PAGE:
Caleb Dirks. Trevor Oaks. Adam Hofacket. Tyson Miller (who was profiled right here last season). They are just four of the many pitchers that California Baptist and head coach Gary Adcock has pumped out to the MLB Draft.
Garett King is likely the next of that bunch.
"My curveball is my go-to pitch" King said. "It's kind of a plus-pitch that I've been known for the past couple of years to get people out. My fastball command has always been a strength of mine. I really rely heavily on those two things. I've got the slider to back it up and I actually started to work on a split-change in the bullpen. We'll see how that goes. It felt good in the pen, if I could translate that to the game it would be fantastic."
King transferred to the DII pitching power house -- which I coined "Pitcher U" -- from Nebraska, where he put together a Big 10 All-Freshman Team campaign three years ago. He struggled his second season, escaping the pitcher he was and tried to do too much. He slipped out of the rotation, splitting his time between their and the pen.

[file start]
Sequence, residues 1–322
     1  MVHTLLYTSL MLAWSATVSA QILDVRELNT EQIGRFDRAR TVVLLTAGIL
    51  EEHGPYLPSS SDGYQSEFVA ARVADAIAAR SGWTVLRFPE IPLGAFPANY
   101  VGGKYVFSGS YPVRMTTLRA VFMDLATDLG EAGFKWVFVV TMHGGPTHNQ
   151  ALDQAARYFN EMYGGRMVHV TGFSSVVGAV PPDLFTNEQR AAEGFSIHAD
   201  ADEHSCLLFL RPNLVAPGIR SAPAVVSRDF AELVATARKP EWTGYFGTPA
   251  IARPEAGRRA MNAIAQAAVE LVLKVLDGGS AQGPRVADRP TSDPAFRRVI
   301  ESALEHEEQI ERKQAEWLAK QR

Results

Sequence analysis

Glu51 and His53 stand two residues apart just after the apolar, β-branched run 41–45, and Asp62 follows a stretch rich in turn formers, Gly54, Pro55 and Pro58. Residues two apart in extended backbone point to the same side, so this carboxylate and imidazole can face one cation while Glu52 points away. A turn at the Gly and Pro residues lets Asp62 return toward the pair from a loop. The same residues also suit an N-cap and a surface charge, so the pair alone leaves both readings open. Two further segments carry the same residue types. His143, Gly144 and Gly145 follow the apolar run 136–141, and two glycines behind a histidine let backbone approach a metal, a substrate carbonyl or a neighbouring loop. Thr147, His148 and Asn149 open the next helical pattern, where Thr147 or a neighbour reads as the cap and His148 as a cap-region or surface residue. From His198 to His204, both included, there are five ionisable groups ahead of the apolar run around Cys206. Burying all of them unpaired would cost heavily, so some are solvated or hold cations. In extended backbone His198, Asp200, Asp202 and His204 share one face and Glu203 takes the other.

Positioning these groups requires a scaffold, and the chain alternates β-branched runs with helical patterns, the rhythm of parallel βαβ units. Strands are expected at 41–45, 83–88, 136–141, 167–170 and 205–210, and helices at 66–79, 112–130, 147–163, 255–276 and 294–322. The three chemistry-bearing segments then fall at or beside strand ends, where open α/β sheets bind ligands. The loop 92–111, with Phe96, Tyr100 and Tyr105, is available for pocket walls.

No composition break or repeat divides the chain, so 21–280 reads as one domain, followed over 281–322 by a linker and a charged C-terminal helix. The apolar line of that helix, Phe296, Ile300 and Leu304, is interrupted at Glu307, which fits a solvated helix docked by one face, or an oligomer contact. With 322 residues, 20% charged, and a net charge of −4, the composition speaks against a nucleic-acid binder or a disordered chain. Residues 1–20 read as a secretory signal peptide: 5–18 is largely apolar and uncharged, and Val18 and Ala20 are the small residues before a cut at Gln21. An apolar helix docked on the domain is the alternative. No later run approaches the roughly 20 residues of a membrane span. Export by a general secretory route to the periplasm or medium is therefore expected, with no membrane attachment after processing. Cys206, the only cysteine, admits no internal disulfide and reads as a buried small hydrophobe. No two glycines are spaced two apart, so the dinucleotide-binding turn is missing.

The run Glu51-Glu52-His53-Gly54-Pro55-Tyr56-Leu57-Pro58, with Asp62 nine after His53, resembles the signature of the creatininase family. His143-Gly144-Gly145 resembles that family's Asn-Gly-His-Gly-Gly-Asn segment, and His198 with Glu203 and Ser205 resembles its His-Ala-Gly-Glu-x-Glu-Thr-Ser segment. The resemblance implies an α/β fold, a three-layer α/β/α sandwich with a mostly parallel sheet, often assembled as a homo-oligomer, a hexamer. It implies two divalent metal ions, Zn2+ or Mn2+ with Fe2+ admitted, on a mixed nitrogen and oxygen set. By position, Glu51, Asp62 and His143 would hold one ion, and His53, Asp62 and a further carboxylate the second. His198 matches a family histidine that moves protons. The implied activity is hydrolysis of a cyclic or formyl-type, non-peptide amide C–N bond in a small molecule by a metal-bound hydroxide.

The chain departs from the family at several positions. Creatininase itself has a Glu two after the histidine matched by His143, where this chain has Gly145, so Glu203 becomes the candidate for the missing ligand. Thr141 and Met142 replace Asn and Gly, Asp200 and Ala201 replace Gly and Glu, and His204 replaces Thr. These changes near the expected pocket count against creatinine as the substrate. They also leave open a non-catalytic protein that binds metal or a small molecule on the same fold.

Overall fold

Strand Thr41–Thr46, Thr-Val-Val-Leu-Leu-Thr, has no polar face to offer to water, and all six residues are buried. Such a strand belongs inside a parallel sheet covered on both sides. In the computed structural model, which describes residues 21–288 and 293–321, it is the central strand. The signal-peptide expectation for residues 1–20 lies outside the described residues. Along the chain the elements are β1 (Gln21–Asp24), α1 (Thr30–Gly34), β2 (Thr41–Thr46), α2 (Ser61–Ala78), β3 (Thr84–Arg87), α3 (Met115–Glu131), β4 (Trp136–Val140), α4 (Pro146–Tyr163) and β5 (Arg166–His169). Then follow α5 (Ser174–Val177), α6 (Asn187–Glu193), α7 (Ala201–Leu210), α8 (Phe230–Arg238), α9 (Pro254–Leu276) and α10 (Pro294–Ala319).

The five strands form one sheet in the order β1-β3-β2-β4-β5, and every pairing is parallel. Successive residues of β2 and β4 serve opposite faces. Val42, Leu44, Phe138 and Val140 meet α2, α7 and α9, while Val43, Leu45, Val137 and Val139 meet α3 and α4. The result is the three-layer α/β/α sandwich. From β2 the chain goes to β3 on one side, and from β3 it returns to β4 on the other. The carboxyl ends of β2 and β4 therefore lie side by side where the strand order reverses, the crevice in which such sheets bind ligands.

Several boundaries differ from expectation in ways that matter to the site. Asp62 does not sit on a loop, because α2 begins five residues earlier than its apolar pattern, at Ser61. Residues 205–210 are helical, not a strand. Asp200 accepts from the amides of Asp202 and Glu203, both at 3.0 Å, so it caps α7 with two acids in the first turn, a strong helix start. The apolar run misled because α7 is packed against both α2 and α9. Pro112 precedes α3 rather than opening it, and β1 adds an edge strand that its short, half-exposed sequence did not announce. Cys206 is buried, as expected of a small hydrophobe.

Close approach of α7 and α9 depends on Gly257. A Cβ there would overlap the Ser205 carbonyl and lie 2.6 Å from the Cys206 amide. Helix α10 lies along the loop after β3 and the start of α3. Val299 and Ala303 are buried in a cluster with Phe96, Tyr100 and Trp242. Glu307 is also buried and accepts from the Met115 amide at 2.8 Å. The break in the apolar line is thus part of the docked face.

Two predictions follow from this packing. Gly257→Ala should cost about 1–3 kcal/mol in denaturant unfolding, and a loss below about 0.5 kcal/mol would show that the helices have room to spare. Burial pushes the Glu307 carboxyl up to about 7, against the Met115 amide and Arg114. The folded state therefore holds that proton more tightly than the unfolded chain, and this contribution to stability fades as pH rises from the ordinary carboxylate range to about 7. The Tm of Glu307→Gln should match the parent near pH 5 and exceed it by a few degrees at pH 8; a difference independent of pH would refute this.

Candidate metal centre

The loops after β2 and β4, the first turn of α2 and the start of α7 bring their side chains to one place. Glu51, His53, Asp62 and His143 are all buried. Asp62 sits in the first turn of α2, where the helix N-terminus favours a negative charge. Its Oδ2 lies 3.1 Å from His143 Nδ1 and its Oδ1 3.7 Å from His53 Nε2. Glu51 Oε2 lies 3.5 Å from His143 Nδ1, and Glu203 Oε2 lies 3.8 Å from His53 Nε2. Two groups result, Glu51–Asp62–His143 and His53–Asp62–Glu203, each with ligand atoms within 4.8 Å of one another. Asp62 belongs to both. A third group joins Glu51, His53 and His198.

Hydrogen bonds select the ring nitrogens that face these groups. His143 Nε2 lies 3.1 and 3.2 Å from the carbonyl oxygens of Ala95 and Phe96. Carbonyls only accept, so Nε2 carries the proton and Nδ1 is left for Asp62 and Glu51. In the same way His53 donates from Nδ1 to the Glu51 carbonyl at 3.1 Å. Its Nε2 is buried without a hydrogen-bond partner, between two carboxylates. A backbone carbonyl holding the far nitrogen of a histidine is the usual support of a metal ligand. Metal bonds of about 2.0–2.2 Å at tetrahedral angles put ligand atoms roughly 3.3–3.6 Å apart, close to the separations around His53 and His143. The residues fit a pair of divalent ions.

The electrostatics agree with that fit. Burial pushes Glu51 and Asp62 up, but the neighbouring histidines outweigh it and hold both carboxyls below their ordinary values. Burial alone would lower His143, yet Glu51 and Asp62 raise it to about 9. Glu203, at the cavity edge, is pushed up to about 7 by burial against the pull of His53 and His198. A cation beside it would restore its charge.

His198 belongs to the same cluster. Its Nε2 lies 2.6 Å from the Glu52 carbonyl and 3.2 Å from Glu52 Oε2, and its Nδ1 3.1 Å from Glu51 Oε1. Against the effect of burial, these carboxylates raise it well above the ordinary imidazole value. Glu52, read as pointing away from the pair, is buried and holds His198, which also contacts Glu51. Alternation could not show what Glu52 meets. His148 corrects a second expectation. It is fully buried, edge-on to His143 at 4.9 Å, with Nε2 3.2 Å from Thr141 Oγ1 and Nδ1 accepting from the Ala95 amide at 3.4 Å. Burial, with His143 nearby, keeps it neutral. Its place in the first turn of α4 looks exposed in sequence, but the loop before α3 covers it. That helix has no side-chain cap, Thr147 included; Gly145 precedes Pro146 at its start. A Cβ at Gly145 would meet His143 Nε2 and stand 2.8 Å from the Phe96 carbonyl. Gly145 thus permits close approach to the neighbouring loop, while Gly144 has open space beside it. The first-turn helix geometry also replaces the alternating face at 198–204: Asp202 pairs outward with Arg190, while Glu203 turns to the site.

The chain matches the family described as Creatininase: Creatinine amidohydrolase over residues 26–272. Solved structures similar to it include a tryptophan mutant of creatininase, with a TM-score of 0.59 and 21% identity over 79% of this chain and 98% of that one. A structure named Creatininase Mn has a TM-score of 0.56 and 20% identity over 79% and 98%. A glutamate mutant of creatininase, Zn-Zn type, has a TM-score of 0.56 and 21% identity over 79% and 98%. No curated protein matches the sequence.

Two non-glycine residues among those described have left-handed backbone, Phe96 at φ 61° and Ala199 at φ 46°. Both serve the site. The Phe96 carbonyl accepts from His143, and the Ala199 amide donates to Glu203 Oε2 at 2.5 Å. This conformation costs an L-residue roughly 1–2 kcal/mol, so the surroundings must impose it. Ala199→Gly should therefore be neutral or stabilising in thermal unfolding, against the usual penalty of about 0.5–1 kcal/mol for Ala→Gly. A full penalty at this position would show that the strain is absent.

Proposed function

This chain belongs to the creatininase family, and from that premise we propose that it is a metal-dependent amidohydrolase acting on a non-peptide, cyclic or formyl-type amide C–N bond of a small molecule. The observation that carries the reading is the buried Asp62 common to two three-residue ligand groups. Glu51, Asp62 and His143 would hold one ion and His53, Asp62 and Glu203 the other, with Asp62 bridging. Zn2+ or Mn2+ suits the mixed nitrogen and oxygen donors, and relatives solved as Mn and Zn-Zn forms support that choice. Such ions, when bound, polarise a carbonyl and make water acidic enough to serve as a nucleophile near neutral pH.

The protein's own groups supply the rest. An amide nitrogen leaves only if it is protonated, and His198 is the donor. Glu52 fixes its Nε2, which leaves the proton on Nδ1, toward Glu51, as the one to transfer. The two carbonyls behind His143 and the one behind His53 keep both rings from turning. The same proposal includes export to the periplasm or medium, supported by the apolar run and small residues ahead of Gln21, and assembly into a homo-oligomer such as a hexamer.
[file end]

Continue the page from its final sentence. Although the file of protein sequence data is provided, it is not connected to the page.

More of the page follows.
"From a baseball perspective, I really learned how to handle the adversity of me not playing well," King said. "That's something very important for pitchers our age: failing, and failing hard. In high school everyone is a stud. Going to college, learning to cope with that, you realize that it's the next pitch. You can't dwell on the last outing. Every day has to be a new day."
King had already been drafted once, in 2014 out of high school by the New York Mets. He decided he would be best fit going to college, a choice that seems wise in hindsight.
It also shows a lot about his makeup.
"I knew I was going to be going to college," King said. "I was 159 pounds when I graduated high school. I was a string bean. I was 17 years old. I wasn't ready to go handle minor league baseball, physically or mentally. Going to Nebraska, away from home, kind of prepared me for that lifestyle."
King now sits at 3-1 on the season. He has a 3.27 ERA and a 35-to-5 strikeout-to-walk ratio over his first 33 innings, going at least six innings in each of his last three starts.
(video courtesy of Prospect Pipeline)
To read more on what makes Gary Adcock's program so special, more on King and learn about the other two younger arms poised to be the next of Cal Baptist's finest, read my full interview at NCAA.com.